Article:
You have reasons to be unhappy. Mindfulness training programs are a band-aid that mask bad circumstances, says Ruth Whippman.
Mindfulness—the practice of cultivating awareness and presence—is thebusiness buzz word. Touted as a wellbeing panacea, mindfulness training has been adopted by American institutions of all kinds, from corporations to prisons, schools, and hospitals.
She told Quartz that corporations are using these wellbeing programs to distract from serious systemic issues, like long hours, low pay, and no health insurance or vacations. And, she says, the biggest proponents of mindfulness programs are often companies that—based on labor lawsuits and settlements—exploit employees, such as Bank of America.
World Health Organization data shows the US is by far the most anxious nation, and Whippman discovered personally when she moved to Silicon Valley from London in 2011 that the national preoccupation with happiness has the ironic effect of making Americans uniquely miserable. As she explained in an interview with Wharton Business Radio:
There are lots of genuine reasons why life can bring anxiety. Money worries, inequality, the state of the economy, health care—those sorts of big issues. But one of the things that I identified pretty early on was that people seem to be very culturally preoccupied with this idea of happiness, of finding happiness. I was having conversations with people, and the same topic would come up again and again, with people really kind of agonizing about it. Am I happy? Am I as happy as my neighbor? Am I as happy as my friends? Am I as happy as everybody on social media? Could I be happier if I tried harder? There seemed to be this real anxiety about being as happy as you could be.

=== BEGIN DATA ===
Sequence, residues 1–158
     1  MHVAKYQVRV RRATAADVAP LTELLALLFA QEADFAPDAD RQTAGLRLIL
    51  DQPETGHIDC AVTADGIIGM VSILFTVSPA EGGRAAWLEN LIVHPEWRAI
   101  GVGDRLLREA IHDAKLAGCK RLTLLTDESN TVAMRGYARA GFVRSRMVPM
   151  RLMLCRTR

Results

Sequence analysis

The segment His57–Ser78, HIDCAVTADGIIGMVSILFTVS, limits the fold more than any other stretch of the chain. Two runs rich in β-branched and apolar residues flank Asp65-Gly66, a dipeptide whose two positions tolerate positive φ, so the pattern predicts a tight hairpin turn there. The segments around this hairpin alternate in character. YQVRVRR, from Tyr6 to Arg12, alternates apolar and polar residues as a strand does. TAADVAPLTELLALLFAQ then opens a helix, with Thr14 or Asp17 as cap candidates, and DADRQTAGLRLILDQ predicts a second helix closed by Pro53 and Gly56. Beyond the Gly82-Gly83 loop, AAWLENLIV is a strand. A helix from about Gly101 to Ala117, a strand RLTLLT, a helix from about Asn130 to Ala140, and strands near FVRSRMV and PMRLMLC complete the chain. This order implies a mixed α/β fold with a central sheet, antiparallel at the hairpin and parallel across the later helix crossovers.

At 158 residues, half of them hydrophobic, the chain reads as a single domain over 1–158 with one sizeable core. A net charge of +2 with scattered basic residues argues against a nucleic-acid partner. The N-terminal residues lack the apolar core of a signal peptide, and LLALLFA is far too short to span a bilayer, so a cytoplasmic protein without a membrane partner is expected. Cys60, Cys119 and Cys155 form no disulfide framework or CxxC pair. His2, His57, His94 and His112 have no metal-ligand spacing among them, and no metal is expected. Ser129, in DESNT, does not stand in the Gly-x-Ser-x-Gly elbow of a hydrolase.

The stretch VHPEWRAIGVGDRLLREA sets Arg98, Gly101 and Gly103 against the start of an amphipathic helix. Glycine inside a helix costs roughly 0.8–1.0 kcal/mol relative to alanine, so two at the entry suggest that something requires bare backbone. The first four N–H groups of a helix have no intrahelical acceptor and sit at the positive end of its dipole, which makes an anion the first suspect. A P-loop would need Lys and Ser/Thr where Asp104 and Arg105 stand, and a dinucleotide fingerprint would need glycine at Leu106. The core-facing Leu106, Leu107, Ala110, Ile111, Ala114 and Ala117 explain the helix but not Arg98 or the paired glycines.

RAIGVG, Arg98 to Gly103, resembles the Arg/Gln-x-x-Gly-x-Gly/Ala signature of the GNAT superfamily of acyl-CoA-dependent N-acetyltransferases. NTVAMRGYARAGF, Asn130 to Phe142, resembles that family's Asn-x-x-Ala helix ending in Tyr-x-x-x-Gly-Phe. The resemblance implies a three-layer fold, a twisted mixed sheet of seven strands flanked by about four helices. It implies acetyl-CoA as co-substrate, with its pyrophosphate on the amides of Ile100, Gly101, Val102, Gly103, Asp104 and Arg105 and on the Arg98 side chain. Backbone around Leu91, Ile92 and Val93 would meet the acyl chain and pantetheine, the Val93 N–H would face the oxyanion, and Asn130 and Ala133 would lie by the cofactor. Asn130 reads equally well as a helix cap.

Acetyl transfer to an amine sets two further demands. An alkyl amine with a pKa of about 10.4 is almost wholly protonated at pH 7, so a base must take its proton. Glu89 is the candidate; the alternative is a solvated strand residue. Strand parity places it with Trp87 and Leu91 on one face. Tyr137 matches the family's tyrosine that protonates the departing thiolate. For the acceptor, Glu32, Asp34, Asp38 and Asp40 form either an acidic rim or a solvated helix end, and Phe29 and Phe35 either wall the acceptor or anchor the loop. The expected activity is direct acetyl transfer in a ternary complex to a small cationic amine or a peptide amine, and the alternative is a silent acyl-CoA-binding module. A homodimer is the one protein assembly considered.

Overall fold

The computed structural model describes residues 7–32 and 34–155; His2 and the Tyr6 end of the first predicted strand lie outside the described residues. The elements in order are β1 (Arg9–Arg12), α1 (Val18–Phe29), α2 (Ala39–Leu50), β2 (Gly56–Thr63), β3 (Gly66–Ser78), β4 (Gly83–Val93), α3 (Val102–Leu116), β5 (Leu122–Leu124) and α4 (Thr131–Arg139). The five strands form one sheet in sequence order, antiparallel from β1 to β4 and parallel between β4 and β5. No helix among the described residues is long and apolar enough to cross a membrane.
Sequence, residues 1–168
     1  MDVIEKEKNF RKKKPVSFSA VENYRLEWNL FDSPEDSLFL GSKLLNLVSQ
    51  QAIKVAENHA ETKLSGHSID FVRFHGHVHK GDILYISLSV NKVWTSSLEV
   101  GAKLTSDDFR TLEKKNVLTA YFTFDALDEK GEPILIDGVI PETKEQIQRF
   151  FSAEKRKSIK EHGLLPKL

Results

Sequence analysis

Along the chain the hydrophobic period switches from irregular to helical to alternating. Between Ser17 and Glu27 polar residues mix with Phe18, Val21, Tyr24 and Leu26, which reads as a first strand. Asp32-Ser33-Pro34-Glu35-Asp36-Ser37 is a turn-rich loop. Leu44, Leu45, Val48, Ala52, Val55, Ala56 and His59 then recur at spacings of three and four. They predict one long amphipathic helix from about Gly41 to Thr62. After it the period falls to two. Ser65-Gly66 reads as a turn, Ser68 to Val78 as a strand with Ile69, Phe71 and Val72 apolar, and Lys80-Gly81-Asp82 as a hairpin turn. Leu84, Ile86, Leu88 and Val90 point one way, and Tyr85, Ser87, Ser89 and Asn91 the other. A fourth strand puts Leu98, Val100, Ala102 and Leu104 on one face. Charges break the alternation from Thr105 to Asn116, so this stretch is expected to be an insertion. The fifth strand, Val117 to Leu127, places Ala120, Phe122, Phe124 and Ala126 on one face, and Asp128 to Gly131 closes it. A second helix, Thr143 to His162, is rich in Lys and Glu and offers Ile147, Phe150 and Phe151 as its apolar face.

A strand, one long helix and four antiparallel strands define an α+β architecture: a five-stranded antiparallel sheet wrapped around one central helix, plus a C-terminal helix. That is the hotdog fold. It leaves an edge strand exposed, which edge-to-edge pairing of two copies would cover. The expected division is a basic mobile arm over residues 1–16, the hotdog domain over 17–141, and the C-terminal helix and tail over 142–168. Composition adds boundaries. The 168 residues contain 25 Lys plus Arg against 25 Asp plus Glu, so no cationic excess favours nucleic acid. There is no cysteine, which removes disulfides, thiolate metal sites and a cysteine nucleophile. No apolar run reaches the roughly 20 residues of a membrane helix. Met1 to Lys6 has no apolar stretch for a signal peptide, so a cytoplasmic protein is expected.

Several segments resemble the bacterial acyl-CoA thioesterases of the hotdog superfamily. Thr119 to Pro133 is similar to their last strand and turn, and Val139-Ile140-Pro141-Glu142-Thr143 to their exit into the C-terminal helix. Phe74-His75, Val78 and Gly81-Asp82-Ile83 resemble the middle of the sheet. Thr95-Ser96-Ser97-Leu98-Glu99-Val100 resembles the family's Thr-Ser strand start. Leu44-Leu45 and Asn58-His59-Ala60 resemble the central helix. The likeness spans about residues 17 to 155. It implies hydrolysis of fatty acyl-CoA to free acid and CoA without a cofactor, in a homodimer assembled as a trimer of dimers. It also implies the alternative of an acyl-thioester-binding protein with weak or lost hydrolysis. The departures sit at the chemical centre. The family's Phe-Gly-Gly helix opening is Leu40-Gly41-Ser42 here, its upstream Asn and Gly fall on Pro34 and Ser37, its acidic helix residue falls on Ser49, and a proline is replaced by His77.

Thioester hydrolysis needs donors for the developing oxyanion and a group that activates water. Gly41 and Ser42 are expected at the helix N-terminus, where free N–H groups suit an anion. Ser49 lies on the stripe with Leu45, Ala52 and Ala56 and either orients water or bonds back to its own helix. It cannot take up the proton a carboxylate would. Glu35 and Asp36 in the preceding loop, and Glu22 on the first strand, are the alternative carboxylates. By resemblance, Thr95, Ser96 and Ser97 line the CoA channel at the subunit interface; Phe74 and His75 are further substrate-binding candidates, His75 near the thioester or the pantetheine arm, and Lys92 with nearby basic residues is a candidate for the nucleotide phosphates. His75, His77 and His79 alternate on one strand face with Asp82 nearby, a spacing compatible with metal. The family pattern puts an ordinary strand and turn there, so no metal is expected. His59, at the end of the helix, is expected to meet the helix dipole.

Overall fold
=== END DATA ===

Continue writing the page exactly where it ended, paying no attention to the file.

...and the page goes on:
She started studying the $11-billion-a-year self-help industry and has been writing about it ever since.
But no topic she’s covered has ever generated as much controversy as mindfulness. “I thought I would be run out of town by a mob of angry Buddhists,” she jokes. That’s because Whippman noted that scientific evidence shows mindfulness programs are on par with other relaxation techniques, like exercise, and are not uniquely therapeutic in their stress-relieving effects.
Plus, mindfulness puts the onus on individuals to feel good about difficult conditions, rather than on leaders to repair root problems in systems. She believes this is an unfair deflection that adds to anxiety, rather than relieving it, and that mindfulness programs aren’t really designed with worker wellness in mind.
“When corporations start boasting that their mindfulness training improves productivity by 20%, then it’s not really about workers’ interests. It’s about the company,” Whippman says.
Her concern is that the pressure to be positive—happiness is often the focus of corporate mindfulness training—makes people miserable. “Workers can’t say they are having a bad day. They can’t say they need to go home sometimes and live their lives. They have to always be available and be happy about it, otherwise it’s a failure of attitude.”
Increasingly, companies are blurring the lines between work and life, seeking integration rather than balance. They are demanding all their workers’ time and a say in their feelings too. “That’s an invasion of our private space,” according to Whippman. And those demands are contributing to unhappiness.
Her research showed one thing consistently: to feel fulfilled and be healthy, humans need other people, social cohesion, and meaningful relationships. Yet the more we work, the less we get to develop the bonds needed to lead truly rich lives.
Mindfulness training is a Band-Aid that masks difficult circumstances. Whippman says that instead of more trainings, Americans need a healthy skepticism of demanding bosses and better working conditions that provide individuals the freedom and security to pursue true wellbeing.